Chronic Snoring Treatment in Palm Harbor, FL
According to The American Academy of Otolaryngology, about 45 percent of adults snore occasionally. Though snoring can affect anyone, it is most common in men and people who are overweight. Snoring once and awhile is perfectly normal, but snoring on a regular basis can disrupt both your sleep patterns and the sleep patterns of those around you.
Snoring is caused when air cannot flow through the back of the throat and the nose freely. The obstruction causes the noisy, vibrating sounds of snoring. The air flow can be obstructed for a variety of reasons.
If you're struggling with chronic snoring in the Palm Harbor area, contact Gulfcoast ENT today to schedule an appointment. ENT Specialist Jose A. Berrios, MD is board-certified and a member of the American Academy of Otolaryngology-Head and Neck Surgery, and has extensive experience treating chronic snoring.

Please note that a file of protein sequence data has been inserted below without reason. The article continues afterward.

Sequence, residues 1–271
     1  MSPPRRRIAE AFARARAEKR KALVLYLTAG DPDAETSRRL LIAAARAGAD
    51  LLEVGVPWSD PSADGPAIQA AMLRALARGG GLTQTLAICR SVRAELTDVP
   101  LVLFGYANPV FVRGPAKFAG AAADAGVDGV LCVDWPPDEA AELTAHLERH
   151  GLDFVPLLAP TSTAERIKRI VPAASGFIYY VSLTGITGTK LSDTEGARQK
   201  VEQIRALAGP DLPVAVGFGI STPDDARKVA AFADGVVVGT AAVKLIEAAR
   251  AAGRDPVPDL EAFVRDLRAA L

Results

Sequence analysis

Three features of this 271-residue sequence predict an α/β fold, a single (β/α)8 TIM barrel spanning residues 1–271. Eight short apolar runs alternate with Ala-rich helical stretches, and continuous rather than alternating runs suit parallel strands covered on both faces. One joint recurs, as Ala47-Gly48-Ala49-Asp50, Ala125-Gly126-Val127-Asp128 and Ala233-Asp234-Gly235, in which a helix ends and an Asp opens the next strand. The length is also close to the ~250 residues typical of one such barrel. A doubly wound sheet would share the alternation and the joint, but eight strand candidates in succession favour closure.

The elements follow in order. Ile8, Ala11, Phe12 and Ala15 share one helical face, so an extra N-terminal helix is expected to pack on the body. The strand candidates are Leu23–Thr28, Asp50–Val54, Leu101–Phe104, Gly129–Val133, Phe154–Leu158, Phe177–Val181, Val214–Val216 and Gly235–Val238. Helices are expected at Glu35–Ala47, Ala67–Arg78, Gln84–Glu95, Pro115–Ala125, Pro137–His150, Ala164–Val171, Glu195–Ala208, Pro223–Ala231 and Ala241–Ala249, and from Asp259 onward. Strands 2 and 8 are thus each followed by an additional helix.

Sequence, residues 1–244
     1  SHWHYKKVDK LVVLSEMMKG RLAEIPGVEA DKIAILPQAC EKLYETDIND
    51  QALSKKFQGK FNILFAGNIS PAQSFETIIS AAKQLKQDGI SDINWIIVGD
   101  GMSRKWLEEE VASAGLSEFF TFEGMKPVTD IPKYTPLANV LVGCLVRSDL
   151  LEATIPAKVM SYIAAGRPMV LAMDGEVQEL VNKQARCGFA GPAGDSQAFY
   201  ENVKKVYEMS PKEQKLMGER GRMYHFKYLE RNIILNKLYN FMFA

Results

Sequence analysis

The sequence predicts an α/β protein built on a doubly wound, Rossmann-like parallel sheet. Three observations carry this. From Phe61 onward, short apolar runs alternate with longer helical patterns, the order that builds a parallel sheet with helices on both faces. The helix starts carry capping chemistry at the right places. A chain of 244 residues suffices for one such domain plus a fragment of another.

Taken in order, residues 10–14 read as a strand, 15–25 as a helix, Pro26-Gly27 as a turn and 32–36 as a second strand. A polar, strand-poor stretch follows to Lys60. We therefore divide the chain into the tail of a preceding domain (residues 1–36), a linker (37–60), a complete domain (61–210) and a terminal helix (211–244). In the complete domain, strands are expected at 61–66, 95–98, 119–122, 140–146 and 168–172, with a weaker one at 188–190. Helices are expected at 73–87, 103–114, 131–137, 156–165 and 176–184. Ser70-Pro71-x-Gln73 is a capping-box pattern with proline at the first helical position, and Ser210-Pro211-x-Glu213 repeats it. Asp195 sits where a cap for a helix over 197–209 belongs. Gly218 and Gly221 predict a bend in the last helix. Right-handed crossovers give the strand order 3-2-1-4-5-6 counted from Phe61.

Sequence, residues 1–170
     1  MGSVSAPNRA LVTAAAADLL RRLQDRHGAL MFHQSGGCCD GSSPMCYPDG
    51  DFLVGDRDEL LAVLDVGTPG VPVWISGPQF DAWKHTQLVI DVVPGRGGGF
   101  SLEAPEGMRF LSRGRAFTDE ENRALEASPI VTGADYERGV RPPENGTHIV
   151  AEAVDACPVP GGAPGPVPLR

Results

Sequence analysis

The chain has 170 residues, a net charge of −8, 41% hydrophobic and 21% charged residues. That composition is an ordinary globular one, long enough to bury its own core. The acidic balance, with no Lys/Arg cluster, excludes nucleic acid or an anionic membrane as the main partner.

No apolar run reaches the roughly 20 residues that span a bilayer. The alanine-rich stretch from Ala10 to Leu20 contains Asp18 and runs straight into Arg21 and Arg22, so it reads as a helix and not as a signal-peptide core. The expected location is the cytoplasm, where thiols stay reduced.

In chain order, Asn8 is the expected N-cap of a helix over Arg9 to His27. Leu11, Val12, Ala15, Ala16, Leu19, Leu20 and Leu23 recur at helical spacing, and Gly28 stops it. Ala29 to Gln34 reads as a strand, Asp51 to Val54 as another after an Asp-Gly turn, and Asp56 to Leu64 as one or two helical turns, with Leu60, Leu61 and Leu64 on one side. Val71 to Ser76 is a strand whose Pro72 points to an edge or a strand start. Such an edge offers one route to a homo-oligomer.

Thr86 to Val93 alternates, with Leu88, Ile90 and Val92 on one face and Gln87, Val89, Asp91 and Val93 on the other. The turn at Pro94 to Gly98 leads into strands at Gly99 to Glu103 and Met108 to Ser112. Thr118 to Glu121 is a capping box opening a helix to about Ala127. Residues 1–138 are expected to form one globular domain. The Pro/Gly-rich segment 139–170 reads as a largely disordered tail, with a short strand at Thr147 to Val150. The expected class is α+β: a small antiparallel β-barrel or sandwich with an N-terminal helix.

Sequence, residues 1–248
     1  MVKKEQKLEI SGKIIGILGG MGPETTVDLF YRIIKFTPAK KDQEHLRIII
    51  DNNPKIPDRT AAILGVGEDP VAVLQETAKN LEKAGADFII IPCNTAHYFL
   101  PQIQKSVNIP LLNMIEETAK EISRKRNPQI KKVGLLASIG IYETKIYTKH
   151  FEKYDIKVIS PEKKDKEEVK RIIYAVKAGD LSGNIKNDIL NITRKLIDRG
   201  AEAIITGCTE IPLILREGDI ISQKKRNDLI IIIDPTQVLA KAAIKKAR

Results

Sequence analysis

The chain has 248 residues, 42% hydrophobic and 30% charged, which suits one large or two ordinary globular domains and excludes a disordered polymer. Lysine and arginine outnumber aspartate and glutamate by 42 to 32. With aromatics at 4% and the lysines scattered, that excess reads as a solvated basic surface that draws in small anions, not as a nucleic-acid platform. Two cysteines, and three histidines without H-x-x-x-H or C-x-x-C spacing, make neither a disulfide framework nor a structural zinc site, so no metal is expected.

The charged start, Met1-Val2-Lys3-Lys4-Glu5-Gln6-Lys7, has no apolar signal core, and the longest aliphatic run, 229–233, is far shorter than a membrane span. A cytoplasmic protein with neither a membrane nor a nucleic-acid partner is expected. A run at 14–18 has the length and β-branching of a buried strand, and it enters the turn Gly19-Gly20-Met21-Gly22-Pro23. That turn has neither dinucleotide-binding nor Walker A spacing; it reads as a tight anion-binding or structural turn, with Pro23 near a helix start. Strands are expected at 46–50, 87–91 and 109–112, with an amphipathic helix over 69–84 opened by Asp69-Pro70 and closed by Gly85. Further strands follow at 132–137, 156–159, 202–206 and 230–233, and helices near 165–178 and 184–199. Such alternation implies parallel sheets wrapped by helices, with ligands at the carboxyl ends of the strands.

What Causes Snoring?
The Anatomy of Your Mouth – Anatomical reasons, such as a low palate, poor muscle tone in the throat, poor muscle tone in the tongue and narrow airways can cause snoring.
Obstruction of Nasal Airways – About 20 percent of people who snore only snore during allergy seasons or when they have a cold or sinus infection. Having a deviated septum, swollen turbinates or nasal polyps can also cause the nasal airway to have an obstruction.
Alcohol Consumption – Drinking alcohol before sleep can relax your throat muscles and decrease your defenses against airway obstruction.
Obstructive Sleep Apnea – OSA is the most serious cause of snoring. Obstructive Sleep Apnea is when airway obstruction during sleep results in short periods of time where the snorer stops breathing. OSA is often linked to sleep deprivation, heart attack, irregular heartbeat and high blood pressure.
Treatment for Snoring in Palm Harbor
You need to meet with Dr. Berrios to discuss the best treatment option for you, but for many home remedies can help reduce snoring. This can include:
- Reduce alcohol intake
- Weight loss
- Stop smoking
- Getting into a better sleep routine
If your case is more severe, you may need an oral appliance to assist you. In some cases, especially if obstructive sleep apnea is the cause, you may need surgery.